Musician Bill King muses over jazz’s evolution
Beaches International Jazz Festival Photo
When Bill King made his first foray into Toronto’s music scene, he plunged himself right into the thick of it. It was the crackling ’60s, the Indiana native was only 16 and he’d just won a scholarship to Oscar Peterson’s Advanced School of Contemporary Music, where he was rubbing shoulders with the likes of Ray Brown, Ed Thigpen and Peterson himself.
And across the road from the school, King remembers, was the First Floor Club, where he and his friends would perch on the fire escape, bewitched by the jazz virtuosos playing inside.
“I saw Lennie Tristano perform through the window, I was right next to the piano,” he remembers. “(The school) got me out to see the world. That was my first taste of Toronto.”
Today, 61-year-old King is a regular renaissance man (in addition to being a musician, he is also a producer, publisher, photographer and radio broadcaster) and has worked alongside a sprawling cast of the musical elite, including Linda Ronstadt, Janis Joplin, Ronnie Hawkins, Peter Matz, and many, many more. After living on both coasts in the United States, King now calls Toronto his home and remains an active member of its musical community.
King is especially busy around this time each year, when the Beaches International Jazz Festival rolls around. He has been its artistic director for 19 years now and this Sunday, King will be sharing the festival‘s main stage with his rhythm and blues band, Bill King’s Saturday Nite Fish Fry.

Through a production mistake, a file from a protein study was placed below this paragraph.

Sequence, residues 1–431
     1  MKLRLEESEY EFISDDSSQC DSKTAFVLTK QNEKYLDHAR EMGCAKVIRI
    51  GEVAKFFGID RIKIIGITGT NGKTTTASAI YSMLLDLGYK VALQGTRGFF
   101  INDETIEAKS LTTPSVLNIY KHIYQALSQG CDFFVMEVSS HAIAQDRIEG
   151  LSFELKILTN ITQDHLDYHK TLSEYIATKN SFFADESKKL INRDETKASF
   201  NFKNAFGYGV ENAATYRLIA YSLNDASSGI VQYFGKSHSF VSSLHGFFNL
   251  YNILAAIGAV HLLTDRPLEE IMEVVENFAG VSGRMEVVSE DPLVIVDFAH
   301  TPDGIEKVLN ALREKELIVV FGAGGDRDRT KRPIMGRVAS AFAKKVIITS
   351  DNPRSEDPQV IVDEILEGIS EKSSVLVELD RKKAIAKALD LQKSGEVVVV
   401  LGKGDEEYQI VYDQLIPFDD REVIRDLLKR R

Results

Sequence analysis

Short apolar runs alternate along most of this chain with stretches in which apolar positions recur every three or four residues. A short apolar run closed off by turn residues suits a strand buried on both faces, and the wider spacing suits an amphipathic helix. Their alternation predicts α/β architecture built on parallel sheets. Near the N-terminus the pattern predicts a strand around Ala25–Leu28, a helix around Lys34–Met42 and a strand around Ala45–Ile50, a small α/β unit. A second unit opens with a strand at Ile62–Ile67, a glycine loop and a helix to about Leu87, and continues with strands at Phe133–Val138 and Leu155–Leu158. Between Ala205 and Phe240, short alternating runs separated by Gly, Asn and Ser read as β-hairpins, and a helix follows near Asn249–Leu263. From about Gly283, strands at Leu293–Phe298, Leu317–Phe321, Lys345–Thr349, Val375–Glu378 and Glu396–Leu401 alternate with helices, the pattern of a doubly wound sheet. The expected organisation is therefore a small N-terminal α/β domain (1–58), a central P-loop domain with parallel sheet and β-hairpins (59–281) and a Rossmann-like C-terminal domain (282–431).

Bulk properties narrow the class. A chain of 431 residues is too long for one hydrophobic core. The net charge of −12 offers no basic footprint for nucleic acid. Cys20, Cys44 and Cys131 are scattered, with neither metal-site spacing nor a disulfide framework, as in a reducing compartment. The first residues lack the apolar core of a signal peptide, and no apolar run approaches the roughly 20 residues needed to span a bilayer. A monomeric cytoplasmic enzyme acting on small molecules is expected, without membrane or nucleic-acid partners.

To King, the jazz and blues scene has undergone some changes since the ’60s. “It used to be that everything in jazz went by a list of standards,” he says. “Now, it’s about original pieces, original writing, sounds and melding the past with the present … people are playing their own things, what they hear in their heads.”
And Saturday Nite Fish Fry is doing just that. With three albums under their belts, the talented nine-person ensemble can coax out infectious sounds combining rhythm and soul, as well as rural and urban blues.
“The band just keeps on evolving,” says King. “You walk away from Fish Fry and it’s just basically a lot of fun.”
Since playing his first gig with the band in 2001, King knew instantly he had something special on his hands.
“It’s the sound and the energy,” he says.
“From that night on, I knew this was exactly the kind of band I wanted.”